December 20, 2021
All Tax Articles

The Liberal government is planning to introduce a new Luxury Tax, to take effect on January 1, 2022. It will apply to:

new cars, SUVs and pick-up trucks costing over $100,000

boats costing over $250,000

• certain aircraft costing over $100,000

The tax will be 20% of the excess over the $100,000 or $250,000 threshold, but with a maximum of 10% of the value of the car, boat or aircraft. It will apply to both sales and importations. Exports will not be subject to the tax.

Manufacturers, wholesalers and retailers will register with the CRA under the Luxury Tax regime, and the tax will not apply to sales between any of them (e.g., from a manufacturer to a car dealer). It will apply to sales to unregistered persons. The tax will be imposed on the registered person (unlike the GST/HST, which is imposed on the customer and collected by the seller).

The Luxury Tax will be included by the seller in the total price, and GST or HST (and provincial sales tax) will then be calculated on the price that includes this tax. Thus, the cost of the Luxury Tax will in effect be 5% to 15% higher than the actual figure.

The rules for cars will cover any motor vehicle designed primarily to carry fewer than 10 passengers on highways and streets, but will not include an ambulance, hearse, combine harvester, backhoe tractor, motorcycle, snowmobile, motor home, or a racing car or all-terrain vehicle that is not road legal. The tax will not apply to vehicles over 3,856 kg gross vehicle weight. As well, a vehicle clearly equipped for police, emergency-response or military activities will be exempt if it is being delivered to (or imported by) a police, emergency-response or military authority. The tax will also not apply to vehicles delivered to a police or fire department, hospital, municipality, and certain other entities.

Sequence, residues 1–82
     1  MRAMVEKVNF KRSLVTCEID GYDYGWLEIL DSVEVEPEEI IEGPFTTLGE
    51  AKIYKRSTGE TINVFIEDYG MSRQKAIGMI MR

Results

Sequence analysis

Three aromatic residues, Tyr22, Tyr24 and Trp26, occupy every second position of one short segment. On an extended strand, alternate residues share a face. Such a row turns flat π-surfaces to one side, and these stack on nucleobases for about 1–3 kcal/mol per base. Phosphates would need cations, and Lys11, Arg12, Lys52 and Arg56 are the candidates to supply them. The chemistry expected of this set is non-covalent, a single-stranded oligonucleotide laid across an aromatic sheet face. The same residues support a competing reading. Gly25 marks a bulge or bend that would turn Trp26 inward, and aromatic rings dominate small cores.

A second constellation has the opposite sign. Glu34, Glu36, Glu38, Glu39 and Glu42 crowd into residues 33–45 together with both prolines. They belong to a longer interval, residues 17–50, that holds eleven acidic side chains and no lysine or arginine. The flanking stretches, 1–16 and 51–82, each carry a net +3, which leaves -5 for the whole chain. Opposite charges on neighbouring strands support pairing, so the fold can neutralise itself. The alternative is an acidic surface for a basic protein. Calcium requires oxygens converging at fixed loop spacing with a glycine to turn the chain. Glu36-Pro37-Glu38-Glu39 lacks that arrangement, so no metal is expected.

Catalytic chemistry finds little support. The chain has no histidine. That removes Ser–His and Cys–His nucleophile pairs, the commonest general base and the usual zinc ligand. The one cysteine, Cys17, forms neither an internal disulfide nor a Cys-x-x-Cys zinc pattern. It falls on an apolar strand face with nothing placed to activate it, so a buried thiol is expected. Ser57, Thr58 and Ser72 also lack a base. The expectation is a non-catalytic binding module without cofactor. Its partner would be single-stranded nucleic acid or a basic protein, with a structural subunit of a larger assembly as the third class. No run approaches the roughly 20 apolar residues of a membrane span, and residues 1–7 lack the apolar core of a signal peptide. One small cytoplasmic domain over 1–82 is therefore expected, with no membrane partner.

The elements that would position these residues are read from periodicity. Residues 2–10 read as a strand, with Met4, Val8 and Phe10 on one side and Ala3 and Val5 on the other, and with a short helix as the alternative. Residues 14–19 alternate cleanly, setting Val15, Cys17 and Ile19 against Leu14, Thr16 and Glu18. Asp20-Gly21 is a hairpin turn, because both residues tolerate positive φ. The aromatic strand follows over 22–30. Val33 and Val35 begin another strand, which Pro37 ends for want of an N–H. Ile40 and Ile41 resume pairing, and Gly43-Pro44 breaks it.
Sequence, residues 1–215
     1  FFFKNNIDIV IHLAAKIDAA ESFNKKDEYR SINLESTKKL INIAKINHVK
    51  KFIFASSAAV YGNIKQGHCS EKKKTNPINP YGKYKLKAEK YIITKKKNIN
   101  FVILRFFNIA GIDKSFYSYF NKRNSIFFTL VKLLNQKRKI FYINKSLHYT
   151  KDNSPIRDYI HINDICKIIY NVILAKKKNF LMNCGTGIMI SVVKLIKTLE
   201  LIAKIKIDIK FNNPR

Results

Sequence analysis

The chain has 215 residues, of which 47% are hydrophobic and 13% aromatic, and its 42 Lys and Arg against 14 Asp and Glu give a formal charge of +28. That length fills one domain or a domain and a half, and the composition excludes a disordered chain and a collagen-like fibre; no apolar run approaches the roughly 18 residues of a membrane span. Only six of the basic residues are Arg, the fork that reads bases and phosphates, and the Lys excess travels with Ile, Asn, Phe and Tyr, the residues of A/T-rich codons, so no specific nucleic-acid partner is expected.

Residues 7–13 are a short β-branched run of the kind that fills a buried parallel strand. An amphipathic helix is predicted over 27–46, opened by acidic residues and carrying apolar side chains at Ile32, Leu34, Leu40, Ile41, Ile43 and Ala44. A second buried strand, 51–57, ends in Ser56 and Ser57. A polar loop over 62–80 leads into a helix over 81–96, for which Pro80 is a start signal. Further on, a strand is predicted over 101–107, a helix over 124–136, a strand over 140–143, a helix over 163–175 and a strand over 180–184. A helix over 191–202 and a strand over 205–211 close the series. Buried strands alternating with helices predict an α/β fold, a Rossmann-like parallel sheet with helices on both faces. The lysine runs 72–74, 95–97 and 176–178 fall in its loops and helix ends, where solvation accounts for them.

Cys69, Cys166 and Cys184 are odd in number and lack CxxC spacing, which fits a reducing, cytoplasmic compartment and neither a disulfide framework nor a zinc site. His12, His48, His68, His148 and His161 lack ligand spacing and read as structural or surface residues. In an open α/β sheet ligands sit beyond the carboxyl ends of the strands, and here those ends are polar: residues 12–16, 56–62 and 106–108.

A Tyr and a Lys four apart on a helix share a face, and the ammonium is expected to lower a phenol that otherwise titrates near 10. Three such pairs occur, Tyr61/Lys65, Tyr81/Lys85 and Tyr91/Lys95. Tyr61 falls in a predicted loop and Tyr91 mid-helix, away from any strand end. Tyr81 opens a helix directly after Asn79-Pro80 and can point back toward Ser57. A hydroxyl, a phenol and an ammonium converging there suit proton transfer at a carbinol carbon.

Details are also provided for the rules for boats and aircraft. The rules for aircraft will have a number of exclusions, such as aircraft used by airlines, charter services and flight schools, and those designed for cargo or military use. The rule for boats will apply to those designed for leisure, recreation or sport and so will exclude commercial fishing vessels, ferries and cruise ships.

Modifications to any of these goods will trigger the tax as well (with exceptions for certain modifications made to accommodate disabilities, such as wheelchair lifts).

This letter summarizes recent tax developments and tax planning opportunities from a third-party affiliate; however, we recommend that you consult with an expert before embarking on any of the suggestions contained in this blog post, which are appropriate to your own specific requirements. Please feel free to get in touch with Lee & Sharpe to discuss anything detailed above, we would be pleased to help.
Adam H. Sharpe

Hello, my name is Adam Sharpe, I am a partner at Lee & Sharpe.

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